A researcher has found multiple vulnerabilities in Wireless IP Camera (P2P) WIFICAM cameras and also flaws in custom HTTP server. More specifically, more than 100,000 Internet-connected cameras are prone to attacks by a new IoT malware dubbed Persirai. The malware is spreading via the vulnerabilities in these cameras.
Persirai Malware Observed by Researchers
According to security researcher Pierre Kim, the flaws could allow an attacker to perform remote code execution to hijack the cameras. The researcher reported the vulnerabilities to the vendor in March.
Exploited Vulnerabilities in Persirai Attacks
Unfortunately, the researcher says that the wireless IP Camera (P2) WIFICAM is full of flaws, as well as plenty of other Chinese cameras. Even though the cameras are sold under different names, brands and functions, they share the same vulnerabilities. Basically, the OEM vendor used a custom version of GoAhead and included the vulnerable code inside.
Because of code reusing, the vulnerabilities are present in a huge list of cameras (especially the InfoLeak and the RCE),which allow to execute root commands against 1250+ camera models with a pre-auth vulnerability.
Here is the list of flaws:
CVE-2017-8224 – Backdoor account
CVE-2017-8222 – RSA key and certificates
CVE-2017-8225 – Pre-Auth Info Leak (credentials) within the custom http server
Authenticated RCE as root
Pre-Auth RCE as root
CVE-2017-8223 – Misc – Streaming without authentication
CVE-2017-8221 – Misc – “Cloud” (Aka Botnet)
It appears that at least 1,250 camera models produced by the Chinese are prone to attacks based on the vulnerabilities above.
What is worse is that TrendMicro has reported a new malware family that is being spread via the bugs in these products. The company says that approximately 120,000 cameras are open to Persirai attacks via Shodan, the search engine for IoT devices.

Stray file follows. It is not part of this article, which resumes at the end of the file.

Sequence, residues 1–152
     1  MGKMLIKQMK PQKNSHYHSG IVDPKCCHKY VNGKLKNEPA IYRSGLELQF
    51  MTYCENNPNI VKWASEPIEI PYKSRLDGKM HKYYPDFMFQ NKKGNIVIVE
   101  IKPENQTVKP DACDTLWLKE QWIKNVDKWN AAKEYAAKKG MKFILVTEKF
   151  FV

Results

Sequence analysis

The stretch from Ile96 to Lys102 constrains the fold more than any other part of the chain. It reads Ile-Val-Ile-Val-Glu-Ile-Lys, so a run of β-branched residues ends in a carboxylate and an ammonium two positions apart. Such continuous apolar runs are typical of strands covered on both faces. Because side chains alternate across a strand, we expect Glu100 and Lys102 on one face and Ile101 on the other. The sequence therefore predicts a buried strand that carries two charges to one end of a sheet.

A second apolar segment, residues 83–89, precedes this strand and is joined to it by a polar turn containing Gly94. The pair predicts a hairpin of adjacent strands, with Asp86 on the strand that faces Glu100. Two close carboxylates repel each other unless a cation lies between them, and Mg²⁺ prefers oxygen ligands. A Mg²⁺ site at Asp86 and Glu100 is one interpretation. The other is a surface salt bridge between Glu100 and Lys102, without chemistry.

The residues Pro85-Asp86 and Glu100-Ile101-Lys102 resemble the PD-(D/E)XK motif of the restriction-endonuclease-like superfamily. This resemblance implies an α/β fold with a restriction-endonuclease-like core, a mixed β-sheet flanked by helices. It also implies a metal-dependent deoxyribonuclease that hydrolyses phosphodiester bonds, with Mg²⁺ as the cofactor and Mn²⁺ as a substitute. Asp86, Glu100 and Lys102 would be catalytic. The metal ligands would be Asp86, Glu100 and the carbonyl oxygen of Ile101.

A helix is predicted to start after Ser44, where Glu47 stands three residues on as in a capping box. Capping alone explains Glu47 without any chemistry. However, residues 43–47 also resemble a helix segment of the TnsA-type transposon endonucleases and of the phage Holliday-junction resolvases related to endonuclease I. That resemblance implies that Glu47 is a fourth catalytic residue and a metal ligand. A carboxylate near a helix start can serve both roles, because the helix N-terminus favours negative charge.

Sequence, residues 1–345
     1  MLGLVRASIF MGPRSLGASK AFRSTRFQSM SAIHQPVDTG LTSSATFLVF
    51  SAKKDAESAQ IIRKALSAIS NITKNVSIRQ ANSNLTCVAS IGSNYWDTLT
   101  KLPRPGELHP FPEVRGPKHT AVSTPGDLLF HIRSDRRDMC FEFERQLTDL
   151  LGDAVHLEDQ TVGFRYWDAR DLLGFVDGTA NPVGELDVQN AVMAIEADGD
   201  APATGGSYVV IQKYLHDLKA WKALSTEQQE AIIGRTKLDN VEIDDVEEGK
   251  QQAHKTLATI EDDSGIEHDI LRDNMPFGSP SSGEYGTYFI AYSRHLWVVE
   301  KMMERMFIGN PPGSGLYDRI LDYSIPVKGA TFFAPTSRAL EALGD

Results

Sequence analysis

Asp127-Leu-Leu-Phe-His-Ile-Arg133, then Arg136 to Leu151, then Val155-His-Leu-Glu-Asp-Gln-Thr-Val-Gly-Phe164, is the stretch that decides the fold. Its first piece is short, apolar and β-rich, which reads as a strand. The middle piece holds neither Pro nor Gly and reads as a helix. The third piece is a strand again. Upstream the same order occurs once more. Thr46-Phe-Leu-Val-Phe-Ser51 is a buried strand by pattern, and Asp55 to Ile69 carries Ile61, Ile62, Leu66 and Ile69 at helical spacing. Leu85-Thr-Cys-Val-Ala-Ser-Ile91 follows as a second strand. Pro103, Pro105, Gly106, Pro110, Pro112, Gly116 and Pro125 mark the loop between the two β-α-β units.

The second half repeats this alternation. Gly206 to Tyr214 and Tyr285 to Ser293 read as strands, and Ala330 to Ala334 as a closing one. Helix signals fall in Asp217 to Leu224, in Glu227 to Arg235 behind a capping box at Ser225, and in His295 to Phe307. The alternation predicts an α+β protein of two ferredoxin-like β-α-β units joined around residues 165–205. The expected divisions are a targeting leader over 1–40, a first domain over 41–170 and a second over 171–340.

Similarly to other IoT malware, Persirai is infecting the cameras to form a botnet. DDoS attacks are likely to follow.
In addition, another security company, Qihoo 360, has also observed Persirai attacks and estimates that 43,621 cameras in China are infected with it.
Another IoT worm was also recently discovered by researchers. The Hajime worm has stealthier capabilities than Mirai, and is more advanced than its predecessor. After the initial infection the threat would take several steps to hide its running processes as well as its files on the file system.
Furthermore, the operator of the worm can open a shell script to any infected device in the network at any time. Researchers say that its code is modular meaning that new capabilities can be added in the go.
At the time of the discovery, Hajime didn’t have DDoS capabilities but this could quickly change. Researchers discovering new IoT malware at this rate only means one thing – the Iot attack landscape is about to get even worse.